Unlike popular corporate personality measurements like Myers-Briggs, the OCEAN model meets the scientific standard of statistical replicability, meaning that if someone takes a test twice, their OCEAN scores tend to be nearly identical. Moreover, the results aren’t designed to be flattering (neurotic / disagreeable / cynical are common descriptors) rather, they are designed to be accurate, and most importantly, predictive.
Using OCEAN to understand your customers
Historically, the only practical way to obtain OCEAN personality scores for your customers would have been to ask them to take an in-depth personality survey. Obviously few (if any) customer groups will invest their time in surveys, so best case results are a very small set of responses that must serve as representative of your overall customer base. This approach generally fails to meet marketers’ commonly accepted standards for useful segmentation: meaningful size, stability, accessibility, and actionability.
Pinpoint has addressed these shortcomings with a proprietary and patent-pending approach that produces privacy-safe OCEAN scores for the vast majority of the U.S. adult population. We analyze billions of de-identified data points daily, extrapolating patterns that are correlated with personality Factors and Facets. This enables us to quickly and anonymously assess the psychological characteristics of any meaningfully sized customer segment and to provide recommendations on how best to personalize marketing messages for your unique audiences.
A few suggested activation strategies
Once you’ve embraced quantitative psychology insights, there’s a lot you can do to improve your marketing.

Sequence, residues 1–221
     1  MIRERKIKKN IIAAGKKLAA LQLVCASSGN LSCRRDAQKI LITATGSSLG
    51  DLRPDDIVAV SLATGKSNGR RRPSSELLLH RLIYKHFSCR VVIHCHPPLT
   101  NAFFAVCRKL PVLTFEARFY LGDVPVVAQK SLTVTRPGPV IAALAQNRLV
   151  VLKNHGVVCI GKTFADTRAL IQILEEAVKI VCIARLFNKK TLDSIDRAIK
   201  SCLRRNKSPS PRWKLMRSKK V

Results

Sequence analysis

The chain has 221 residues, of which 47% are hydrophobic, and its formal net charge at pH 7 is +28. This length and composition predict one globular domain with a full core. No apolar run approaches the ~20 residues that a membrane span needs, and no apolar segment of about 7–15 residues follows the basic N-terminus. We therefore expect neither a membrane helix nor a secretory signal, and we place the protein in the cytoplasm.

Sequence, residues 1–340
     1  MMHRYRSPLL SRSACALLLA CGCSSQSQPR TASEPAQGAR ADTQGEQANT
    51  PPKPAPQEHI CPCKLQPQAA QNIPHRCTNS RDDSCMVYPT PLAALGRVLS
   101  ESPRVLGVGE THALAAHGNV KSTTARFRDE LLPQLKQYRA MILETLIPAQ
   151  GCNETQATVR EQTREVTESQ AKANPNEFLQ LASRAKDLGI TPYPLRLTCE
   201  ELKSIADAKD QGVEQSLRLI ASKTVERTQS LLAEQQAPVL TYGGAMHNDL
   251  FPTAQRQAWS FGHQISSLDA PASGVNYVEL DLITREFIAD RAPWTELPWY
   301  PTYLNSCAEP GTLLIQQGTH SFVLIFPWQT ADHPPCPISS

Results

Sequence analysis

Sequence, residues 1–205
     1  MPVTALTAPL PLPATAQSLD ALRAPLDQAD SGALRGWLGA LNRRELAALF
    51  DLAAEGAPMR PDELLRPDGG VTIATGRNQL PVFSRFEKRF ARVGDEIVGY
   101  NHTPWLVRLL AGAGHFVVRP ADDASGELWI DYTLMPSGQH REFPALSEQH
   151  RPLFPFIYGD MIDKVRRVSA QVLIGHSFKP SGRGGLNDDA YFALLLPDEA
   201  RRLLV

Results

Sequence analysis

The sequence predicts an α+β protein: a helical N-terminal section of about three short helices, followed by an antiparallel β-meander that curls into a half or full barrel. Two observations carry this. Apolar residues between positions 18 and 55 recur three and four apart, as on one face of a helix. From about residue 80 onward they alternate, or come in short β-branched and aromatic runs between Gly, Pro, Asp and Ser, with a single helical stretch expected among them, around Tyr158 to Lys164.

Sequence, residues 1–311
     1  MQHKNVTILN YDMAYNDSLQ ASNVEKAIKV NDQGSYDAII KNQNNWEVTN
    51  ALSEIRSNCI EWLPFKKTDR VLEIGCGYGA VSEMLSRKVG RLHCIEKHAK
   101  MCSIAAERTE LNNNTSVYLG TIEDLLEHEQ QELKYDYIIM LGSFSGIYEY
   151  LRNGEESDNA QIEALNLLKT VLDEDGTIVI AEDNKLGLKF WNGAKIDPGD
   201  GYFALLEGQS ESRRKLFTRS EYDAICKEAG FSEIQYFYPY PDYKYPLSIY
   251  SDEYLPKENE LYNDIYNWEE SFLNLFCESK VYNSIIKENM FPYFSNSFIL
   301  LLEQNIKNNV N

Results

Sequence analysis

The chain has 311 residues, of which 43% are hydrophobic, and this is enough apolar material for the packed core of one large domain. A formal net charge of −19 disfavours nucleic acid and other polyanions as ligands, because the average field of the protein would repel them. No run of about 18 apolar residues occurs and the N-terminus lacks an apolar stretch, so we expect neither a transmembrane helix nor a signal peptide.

Better communicate with your best customers
Quickly learn how your best customers are most unique relative to the broader U.S. population. Are they more extroverted, agreeable or cynical? Leverage Pinpoint’s Facet-by-Facet vocabulary recommendations in order to better communicate with your customers.
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Uncover the personality of any customer segment
Get more granular than your best customers and learn the defining characteristics of purchasers of a particular product / newsletter subscribers / those originating from a Google search. Any segment of interest can be analyzed and subsequently activated.
Thinkalike® email promotions
Find customers that have strikingly similar personalities to those who purchased a particular product and direct email-based product promotions to this Thinkalike® group. Combine this targeting guidance with our insights on ad copy, images, and colors that resonate with your customers’ personalities and have a real impact on sales.
Thinkalike® customer acquisition campaigns
Apply your customers’ Thinkalike® scores to the broader U.S. population in order to target campaigns to those prospects most like your proven customers. Similarly, your ad copy, images, and colors can all be optimized for what academic research has shown to be effective for given personality Factors and Facets.
Take creative optimization to the next level
Today’s state-of-the-art creative optimization relies upon brute force A/B testing, promoting many ad variants until a statistical winner is produced and the losing versions are discarded. With the power of OCEAN scoring, each ad variant can be scored based on those audiences that click, enabling each version to be a winner that is targeted to its ideal set of prospects.
There’s no faking it
The next time you need to write copy for an ad or product and you’re not sure what to say, move beyond the typical stereotypes. The same advice goes for designing creative or targeting strategies. Leverage personality data that transcends aspirational customer definitions and communicate with real emotional resonance.